Dive into the History of the Eastland
The Eastland Chamber of Commerce, which was chartered with the State of Texas on May 23, 1921, has been a long-standing influence in the community. It was established as a member organization, governed by a board of directors who were elected by a voting membership. The earliest known by-laws on file for the organization are dated October 16, 1919. Subsequent editions of these by-laws also exist in the files at the Chamber office and are an important part of early Eastland history.
Written minutes from as far back as 1926, reveal a unique account of early day business in Eastland and show that development of the business community was the focus from early on in the history of the Chamber of Commerce. Familiar old Eastland names appear time and again in these minutes, re-enforcing the strength and influence our early day businesses and citizens had on our community.
EASTLAND, WILLIAM MOSBY (1806-1843). William Mosby Eastland was born in Woodford County, Kentucky, on March 21, 1806, the son of Thomas B. and Nancy (Mosby) Eastland. He later moved to Texas in 1834 with his wife, children, two brothers, and a cousin. They settled near the site of present La Grange in Fayette County.
From July 25 to September 15, 1835, Eastland served as first lieutenant of a volunteer company under Col. John H. Moore against the Waco and Tawakoni Indians. Eastland went on to fight several major battles that helped in settling the frontier of Texas.
Eastland not only fought in frontier battles but also served in and led companies in the Texas Rangers as they fought for Texas’s independence from Mexico. In response to the raid of Adrián Woll in 1842, Eastland raised a company that he led to San Antonio; but he arrived too late to take part in the battle of Salado Creek. Eastland’s men joined forces with Col. James R. Cook’s First Regiment, Second Brigade, of Gen. Alexander Somervell’s Army of the South West for the subsequent Somervell expedition.
Eager for revenge for the killing of his cousin and nephew by Woll’s men, Eastland chose to remain on the Rio Grande with William S. Fisher’s command when Somervell ordered his expedition to return to San Antonio. Eastland was elected captain of Company B for the Mier expedition.
Eastland and his men were taken captive after the battle of Mier on December 26, 1842 and marched to the interior of Mexico. There he participated in the Texans’ abortive escape attempt and was the first of the Texans to draw a fatal black bean, the only officer of the expedition to do so. In a brief private interview with Fenton M. Gibbon Eastland said, “For my country I have offered all my earthly aspiration and for it I now lay down my life. I never have feared death nor do I now. For my unjustifiable execution I wish no revenge but die in full confidence of the Christian faith.” After giving his money to his brother-in-law, Robert Smith and sending word to his wife that “I die in the faith in which I have lived,” Eastland was shot to death, on March 25, 1843.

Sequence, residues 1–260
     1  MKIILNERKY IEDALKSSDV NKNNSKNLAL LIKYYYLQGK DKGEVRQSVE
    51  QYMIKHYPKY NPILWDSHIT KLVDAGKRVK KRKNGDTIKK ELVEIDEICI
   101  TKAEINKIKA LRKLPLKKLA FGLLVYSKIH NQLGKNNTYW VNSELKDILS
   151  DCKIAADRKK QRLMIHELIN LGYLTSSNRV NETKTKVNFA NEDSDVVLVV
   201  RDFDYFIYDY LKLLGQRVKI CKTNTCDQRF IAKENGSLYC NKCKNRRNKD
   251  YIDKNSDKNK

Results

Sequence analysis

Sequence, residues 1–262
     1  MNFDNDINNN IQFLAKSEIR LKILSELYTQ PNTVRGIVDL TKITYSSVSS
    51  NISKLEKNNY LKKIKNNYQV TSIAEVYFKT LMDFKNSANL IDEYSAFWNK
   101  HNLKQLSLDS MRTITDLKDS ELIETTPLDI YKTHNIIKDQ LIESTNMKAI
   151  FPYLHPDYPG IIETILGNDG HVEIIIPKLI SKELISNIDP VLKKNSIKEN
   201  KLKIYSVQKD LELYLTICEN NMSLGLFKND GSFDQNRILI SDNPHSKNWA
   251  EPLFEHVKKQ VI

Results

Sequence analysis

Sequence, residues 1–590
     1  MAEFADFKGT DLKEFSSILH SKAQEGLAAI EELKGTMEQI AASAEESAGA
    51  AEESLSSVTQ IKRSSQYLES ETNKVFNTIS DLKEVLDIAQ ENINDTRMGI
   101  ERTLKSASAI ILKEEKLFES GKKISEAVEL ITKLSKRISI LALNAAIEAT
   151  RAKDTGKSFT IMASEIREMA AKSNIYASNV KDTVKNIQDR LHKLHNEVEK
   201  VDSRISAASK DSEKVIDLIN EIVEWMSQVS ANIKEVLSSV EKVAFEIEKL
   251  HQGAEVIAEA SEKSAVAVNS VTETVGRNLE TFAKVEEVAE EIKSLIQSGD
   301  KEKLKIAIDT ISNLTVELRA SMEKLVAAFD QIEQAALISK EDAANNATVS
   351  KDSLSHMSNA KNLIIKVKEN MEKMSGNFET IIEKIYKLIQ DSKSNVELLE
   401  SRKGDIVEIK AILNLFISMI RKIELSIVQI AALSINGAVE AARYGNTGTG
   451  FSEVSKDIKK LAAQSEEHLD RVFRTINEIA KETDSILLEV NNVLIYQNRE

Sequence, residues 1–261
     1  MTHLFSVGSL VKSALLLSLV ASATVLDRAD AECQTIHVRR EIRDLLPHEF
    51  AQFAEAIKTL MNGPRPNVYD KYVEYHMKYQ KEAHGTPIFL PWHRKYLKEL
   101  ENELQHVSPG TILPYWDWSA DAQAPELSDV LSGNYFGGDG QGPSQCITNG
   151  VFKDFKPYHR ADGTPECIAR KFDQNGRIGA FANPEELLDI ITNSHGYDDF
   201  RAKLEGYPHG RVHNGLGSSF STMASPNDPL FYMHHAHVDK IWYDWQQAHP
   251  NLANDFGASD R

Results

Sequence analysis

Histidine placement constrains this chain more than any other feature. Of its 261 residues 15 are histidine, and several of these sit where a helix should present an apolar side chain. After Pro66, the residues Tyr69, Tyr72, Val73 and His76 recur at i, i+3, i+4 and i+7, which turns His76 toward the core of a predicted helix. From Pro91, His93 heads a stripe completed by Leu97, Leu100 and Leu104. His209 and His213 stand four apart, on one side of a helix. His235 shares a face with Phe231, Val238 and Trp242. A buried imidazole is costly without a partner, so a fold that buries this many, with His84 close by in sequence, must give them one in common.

EASTLAND, TEXAS. Eastland, the county seat of Eastland County, is at the intersection of State highways 6 and 112, northwest of Interstate Highway 20 on the Missouri Pacific Railroad in the central part of the county.
In 1875 Jacamiah S. Daugherty and Charles U. Connellee purchased land on the C. S. Betts survey and platted a townsite. County voters opted to move the county seat from Merriman to the newly planted site, as it was closer to the center of the county, and the new community was named Eastland.
Connellee, Daugherty, J. B. Ammerman, and others built a stone courthouse, and the county commissioners court held its first session in the town in September of 1875. By January of 1876 the population was estimated at 250. The first public school was taught in the community in 1877, and Methodist, Baptist, and Christian churches were soon organized.
The city's growth was assured when, in 1880, the Texas and Pacific Railway was given a number of town lots to build through the community. Eastland Independent School District was established in 1882, and a second courthouse of red stone was constructed in 1883. By 1884 Eastland had three churches, a school, a flouring mill, two cotton gins, and an estimated 500 inhabitants. Among the early newspapers in the town were the Anchor and the Chronicle. Eastland was incorporated for the first time on June 6, 1891, with W Q. Connellee as the first mayor and for the second time on April 6, 1897, with June Kimble as mayor. The second courthouse was destroyed by fire in 1896, and a third courthouse was built the following year.